Thursday, February 20, 2014

Some See a Weed. Some see a Wish.

I saw the photo below online today and it reminded  me of an incident when I was about 4 years old before my school days.

I was  playing in our garden and spotted an interesting variety of dandelions, buttercups and daisies in the lawn. The numbers of them and the colours had me completely hooked. I knew my mother liked flowers so I began to gather them and made up a good sized bunch. I then arranged them as a small posie and proudly brought it in to my mother. I was convinced that she would be delighted.

"Here's some nice flowers for you Mammy" I beamed.

I didn't get the reaction I expected. There was laugher.

"Ah son, those are just weeds!"

I was deflated. I stood there quietly and my smile disappeared. My mother could see my reaction and began to become more sympathetic. Eventually we agreed to put the "flowers" into a little glass vase. They were on display when my Dad came home from work. There were more sniggers but it was said that I was a good boy.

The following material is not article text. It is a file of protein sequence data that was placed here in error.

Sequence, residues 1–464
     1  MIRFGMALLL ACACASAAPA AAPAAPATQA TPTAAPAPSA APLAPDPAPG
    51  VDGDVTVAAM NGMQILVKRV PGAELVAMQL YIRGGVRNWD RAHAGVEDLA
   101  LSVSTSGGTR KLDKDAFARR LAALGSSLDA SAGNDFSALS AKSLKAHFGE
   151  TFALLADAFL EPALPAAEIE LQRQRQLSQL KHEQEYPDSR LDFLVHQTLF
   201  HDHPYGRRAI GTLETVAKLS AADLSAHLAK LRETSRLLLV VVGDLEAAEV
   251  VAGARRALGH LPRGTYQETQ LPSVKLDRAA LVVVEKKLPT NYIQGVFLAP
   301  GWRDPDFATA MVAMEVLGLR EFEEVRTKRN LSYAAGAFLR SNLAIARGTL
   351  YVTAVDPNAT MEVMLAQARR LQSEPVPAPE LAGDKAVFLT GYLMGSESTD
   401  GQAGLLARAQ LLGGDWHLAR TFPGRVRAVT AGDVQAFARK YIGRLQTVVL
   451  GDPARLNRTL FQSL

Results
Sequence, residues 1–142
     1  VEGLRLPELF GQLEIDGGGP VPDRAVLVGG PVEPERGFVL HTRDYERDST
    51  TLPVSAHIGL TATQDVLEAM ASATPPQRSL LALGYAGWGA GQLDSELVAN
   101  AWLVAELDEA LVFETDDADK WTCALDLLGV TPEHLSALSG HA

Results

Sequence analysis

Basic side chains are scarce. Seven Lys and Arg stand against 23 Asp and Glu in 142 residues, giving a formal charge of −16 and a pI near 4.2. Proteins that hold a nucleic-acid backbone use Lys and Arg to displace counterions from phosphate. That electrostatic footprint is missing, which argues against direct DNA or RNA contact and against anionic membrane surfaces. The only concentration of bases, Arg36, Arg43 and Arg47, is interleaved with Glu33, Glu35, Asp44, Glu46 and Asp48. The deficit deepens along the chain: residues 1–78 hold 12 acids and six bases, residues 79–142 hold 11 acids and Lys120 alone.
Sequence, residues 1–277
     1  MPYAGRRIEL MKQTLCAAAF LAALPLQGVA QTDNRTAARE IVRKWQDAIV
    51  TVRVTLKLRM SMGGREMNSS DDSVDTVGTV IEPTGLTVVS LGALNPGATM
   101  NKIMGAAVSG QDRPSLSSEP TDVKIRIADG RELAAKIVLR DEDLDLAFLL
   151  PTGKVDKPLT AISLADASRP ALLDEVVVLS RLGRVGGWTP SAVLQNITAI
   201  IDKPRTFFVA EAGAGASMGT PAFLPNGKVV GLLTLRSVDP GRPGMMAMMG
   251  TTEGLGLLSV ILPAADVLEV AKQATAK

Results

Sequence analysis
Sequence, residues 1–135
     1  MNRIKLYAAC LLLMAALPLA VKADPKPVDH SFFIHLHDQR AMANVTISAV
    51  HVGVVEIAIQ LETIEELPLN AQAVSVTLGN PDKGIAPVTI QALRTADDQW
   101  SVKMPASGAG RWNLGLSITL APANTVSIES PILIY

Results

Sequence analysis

I wasn't convinced. It was like in later school life being told - "okay, but could have done much better." It was the first time I had been told that there is a difference between flowers and weeds. What I had thought was beautiful was in fact worthless.

To this day I can get rather annoyed at how we can often dismiss certain flowering wild plants in a negative way. I suppose it's because as adult gardeners dandelions, buttercups and daisies upset our nice green lawns and propagate too easily. But these flowers can still look nice in a lawn, especially to a child, it's a matter of attitude.

It all reminds me of how children and adults look at clouds in the Joni Mitchel song Both Sides Now. Are clouds "rows and flows of angel hair and ice cream castles in the air" or is it that "now they only block the sun, they rain and snow on everyone "?